Caught in the Web of Online Real Estate


Is it possible to find a truly great deal by buying property on the Web? Some cautionary advice and suggestions.

When the World Wide Web first hit our consciousness, many of us were initially suspicious of online financial transactions. Gradually we learned the merits of buying over the Internet — everything from bras to cars. Today you can purchase a coffin online and have it shipped when you need it.

You can also purchase a house, all through the click of a button. But how safe is it to do a major financial transaction like a property sale through cyberspace? Where are the red flags and how do we ensure we’re not being taken for a ride?

“You have to be really careful,” warns Harvey Sklaroff, a real estate broker in Narberth. “The horror stories from buying or renting online are associated with not knowing who you’re dealing with, if a property is really for sale or if it’s been posted there by one of those” offshore companies that request donations online.

 “There’s nothing like dealing with a live, local individual who can represent you, do the research and make sure you’re getting a legitimate transaction with a legitimate title company.”

Sklaroff recalls an instance two years ago when folks found a great deal for a condo online — $1,000 a month for a two-bedroom that usually rented for $1,800. They were told to send a money order to England and after that they’d get the key, he says.

“I recognized the pictures” of the condo “because I’d taken them myself. I advised them not to send the money order because the actual owner of the condo knew nothing about it. Someone had taken the pictures off the website, listed the condo as a rental and started taking calls and emails!”

Andrew Maguire, a shareholder in the real estate group at the Radnor-based law firm of McCausland Keen & Buckman, echoes Sklaroff’s warnings. “Typically, a written agreement of sale between a buyer and seller will include a clause which states that the terms of the agreement will trump all property information previously provided to the buyer,” he says.

“For example, if a property is listed on Craigslist as a 10-acre lot, but the agreement of sale [accurately] references that same property as a five-acre lot, the buyer may have little legal basis for challenging the seller’s deceptive marketing of the property.”

Online, the risk to the buyer can be greater than in a traditional transaction, he adds.

Access to the property might be limited, which means defects might go unnoticed. “This is particularly problematic if the buyer will need financing in order to make the online purchase — lenders generally require detailed property information while performing their due diligence before making a loan.”

Having sold some 50,000 properties online in 2014 alone, Rick Sharga, executive vice president at the Irvine, Calif.-based, says online real estate purchases can and do work out just fine.

Right now his company specializes in distressed residential real estate, with many of the homes in foreclosure. He always recommends that buyers inspect properties before their online purchase, but not everyone does. “Some investors choose not to,” he says. “Others pay someone who lives locally to take a look on their behalf.”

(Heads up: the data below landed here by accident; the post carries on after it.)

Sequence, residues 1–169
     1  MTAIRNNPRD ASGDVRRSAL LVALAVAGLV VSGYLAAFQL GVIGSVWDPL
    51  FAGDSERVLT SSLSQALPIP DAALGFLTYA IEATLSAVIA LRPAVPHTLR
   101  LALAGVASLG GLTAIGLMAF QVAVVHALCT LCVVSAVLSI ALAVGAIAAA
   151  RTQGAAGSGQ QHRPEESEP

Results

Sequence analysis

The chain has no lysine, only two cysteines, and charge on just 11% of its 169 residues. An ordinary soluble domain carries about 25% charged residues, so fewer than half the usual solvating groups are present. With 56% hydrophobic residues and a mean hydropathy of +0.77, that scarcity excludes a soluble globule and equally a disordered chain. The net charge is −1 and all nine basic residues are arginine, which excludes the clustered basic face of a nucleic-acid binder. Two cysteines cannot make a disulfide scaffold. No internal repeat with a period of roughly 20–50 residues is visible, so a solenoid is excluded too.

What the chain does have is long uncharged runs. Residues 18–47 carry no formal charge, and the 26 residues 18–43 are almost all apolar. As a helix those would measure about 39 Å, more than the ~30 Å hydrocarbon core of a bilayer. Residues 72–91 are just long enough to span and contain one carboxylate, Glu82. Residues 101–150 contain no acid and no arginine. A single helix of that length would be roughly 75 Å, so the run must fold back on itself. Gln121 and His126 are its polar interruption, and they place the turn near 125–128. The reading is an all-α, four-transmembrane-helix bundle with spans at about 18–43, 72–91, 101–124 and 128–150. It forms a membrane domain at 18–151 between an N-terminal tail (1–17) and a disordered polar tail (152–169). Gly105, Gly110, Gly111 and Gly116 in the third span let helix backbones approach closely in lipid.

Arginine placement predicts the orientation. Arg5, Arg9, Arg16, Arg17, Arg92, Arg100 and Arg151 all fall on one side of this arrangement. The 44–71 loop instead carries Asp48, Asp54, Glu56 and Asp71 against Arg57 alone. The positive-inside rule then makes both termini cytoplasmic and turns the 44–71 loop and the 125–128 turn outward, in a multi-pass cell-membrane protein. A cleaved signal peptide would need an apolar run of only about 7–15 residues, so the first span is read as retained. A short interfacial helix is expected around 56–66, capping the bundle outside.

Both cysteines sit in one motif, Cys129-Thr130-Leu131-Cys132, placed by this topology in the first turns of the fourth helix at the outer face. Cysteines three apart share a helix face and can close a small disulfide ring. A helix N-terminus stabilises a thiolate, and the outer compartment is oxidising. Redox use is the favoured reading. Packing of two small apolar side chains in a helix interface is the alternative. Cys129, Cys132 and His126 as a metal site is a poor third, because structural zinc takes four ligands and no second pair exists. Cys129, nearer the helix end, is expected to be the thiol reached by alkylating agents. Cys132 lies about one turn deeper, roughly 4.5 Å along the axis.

Contrary to popular belief, online buyers don’t necessarily get a better “deal” by buying online. “When we compare apples to apples in terms of sales, we’ve found the auction process tends to drive a higher price because you have more people bidding against each other,” he explains.

Depending on the property and its location, there are at times up to 20 bidders. For the online sellers, right now confined to banks and other financial institutions, the benefit of an online real estate auction is the reduced number of days on the market. Instead of waiting for a buyer to materialize, the auction determines when the sale will take place.

By later this year, Sharga says, will be doing online auctions on behalf of individual sellers, too.

For buyers, one advantage of an online real estate auction is transparency. At any time a prospective buyer can see everything available on the website — which is typically up to 20,000 listings, 4,000 of them sold each month. “If you really want a property, someone won’t be able to outbid you in a closed process,” Sharga says. “You can see in real time the bids coming in, and so you have that opportunity for a final bid.” sold 1 percent of all homes in the United States last year, he says, and this is just the tip of the iceberg. “This is a more efficient, more timely process that generates the best market value for a particular property. But if you’re going to buy and sell online, it’s important to work with companies you’ve heard of,” he cautions.

“It’s not necessarily the kind of thing you want to do on Craigslist. You want to be working with a company you can research and trust that it’s a legitimate operation.”

It’s not Craigslist per se that’s problematic, but the principle behind it: that of dealing with an individual through a classified-type arrangement. “You have no way of knowing who you’re dealing with in these circumstances,” Sharga says. “And on an investment as large as a property, you want to make sure you’re not dealing with someone who’s looking to rip you off.

“So I encourage caution.”

Lauren Kramer is a native of South Africa now based in Western Canada. This article originally appeared in the special section of "Real Estate."



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